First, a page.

17. 17. “ A few tips to keep in mind as you get started Councillors say.... I have three bits of advice. Social media doesn’t replace speaking to people face to face, don’t think that it does. Don’t worry if you don’t have 10,000 followers after a week on Twitter it takes time to establish yourself. Respond to people that write to you! Don’t just send out links to your press releases or website, that’s not what social media is for. Nick Bason, Liberal Democrat, Waltham Forrest High Peak Borough Council “ I’d possibly suggest twitter as being a good place to start, as essentially it’s asking you what you are doing – which is a question most people should be able to answer. Councillor Anthony Mckeown, Labour, Be honest, but not abusive. Assume the local editor is reading it. Update often, it’s a slow burn not a quick fix. Steven Adams, Conservative, Buckinghamshire Connected councillors a guide to using social media to support local leadership – 15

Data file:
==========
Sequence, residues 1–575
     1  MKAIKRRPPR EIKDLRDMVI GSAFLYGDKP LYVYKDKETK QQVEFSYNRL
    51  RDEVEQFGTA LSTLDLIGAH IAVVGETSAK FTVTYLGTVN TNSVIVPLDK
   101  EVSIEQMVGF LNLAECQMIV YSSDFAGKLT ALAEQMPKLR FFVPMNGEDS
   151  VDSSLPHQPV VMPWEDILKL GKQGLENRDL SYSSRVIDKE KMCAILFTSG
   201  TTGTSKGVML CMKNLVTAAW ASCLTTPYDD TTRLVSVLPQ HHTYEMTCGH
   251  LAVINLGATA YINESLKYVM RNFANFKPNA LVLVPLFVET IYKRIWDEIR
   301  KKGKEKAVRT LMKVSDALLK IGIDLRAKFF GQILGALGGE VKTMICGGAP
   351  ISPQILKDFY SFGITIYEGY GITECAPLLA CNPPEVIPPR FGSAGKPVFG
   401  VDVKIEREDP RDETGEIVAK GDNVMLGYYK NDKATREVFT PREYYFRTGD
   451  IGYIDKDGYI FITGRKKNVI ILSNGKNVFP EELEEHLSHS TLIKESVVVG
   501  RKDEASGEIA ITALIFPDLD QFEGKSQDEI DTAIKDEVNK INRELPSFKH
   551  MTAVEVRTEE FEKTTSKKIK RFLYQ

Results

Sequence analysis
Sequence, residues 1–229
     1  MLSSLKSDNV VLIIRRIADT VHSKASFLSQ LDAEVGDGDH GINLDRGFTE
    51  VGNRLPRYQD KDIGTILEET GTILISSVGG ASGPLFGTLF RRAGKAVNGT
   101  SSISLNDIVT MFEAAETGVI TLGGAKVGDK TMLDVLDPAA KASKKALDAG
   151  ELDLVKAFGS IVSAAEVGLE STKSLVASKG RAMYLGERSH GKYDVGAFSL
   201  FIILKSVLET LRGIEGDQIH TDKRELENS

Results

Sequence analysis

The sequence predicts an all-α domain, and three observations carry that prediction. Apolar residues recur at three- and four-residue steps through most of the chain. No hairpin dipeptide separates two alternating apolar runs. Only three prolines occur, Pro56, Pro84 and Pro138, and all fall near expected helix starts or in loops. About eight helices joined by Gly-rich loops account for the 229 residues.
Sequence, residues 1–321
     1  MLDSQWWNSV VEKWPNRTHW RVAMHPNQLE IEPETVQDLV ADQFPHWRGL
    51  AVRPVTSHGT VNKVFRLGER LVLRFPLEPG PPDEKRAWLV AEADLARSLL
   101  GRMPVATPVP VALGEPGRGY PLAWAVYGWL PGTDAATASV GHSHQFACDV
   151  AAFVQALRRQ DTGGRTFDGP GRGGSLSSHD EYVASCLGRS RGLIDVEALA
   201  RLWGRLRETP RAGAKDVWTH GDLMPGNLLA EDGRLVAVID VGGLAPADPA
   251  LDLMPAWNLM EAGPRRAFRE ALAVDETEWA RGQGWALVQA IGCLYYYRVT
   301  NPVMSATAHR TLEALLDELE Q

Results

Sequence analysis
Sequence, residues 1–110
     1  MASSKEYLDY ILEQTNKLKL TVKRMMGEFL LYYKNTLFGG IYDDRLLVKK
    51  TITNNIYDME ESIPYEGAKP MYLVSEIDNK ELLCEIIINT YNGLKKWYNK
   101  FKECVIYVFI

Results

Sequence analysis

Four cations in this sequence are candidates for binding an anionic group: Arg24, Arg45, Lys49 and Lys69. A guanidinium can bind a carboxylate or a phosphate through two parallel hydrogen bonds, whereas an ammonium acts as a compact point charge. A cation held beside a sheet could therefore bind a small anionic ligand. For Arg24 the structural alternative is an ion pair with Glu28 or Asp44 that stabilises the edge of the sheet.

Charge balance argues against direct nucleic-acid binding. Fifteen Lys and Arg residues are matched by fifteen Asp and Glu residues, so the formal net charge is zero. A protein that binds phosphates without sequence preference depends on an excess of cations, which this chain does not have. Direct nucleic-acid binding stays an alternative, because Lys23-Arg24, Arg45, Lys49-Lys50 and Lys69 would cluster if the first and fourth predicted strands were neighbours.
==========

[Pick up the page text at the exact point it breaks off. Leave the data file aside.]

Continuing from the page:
18. 18. Case study Kirklees councillors and social media At Kirklees Council a cross-party team of members has been part of the 21st Century Councillor pilot scheme. This innovative project aims to develop councillors’ internet skills and encourage more people to become elected representatives. Not only have the group looked at the value of using social media, but the council’s web team has created individual ward portals, which gather information from across the web and present it in one place alongside the members’ blog posts and comments, planning applications and complaints and suggestions from the public, making it easier for councillors to find out what a wide range of voices are saying about their area. The councillors taking part in the programme have been offered help to make videos, set up social media accounts and write blogs. They have also been advised how the different tools can be used to reach different audiences for different purposes. Kirklees is hoping that increased social media use will allow councillors to engage more effectively with citizens and also increase the appeal of becoming a councillor to a wider and younger audience. Each of the four members have so far taken different lessons from the ongoing work. Andrew Cooper (Green) is a keen blogger (www.greeningkirklees.blogspot.com)and From left to right: Cllr Andrew Palfreeman, Cllr Cath Harris, tweeter (@clrandrewcooper). He recently Cllr Andrew Cooper, Cllr David Woodhead tweeted live from the council’s budget meeting. “You’ve got to find as many ways as you can to engage with people. Let’s face it, it’s used by a lot of young people and we’ve got to try and engage with them as much as possible. It’s also important for politicians to go through the discipline of having views and opinions and being able to express them and having a blog helps me work out how I feel about things in my own mind.” 16 – Connected councillors a guide to using social media to support local leadership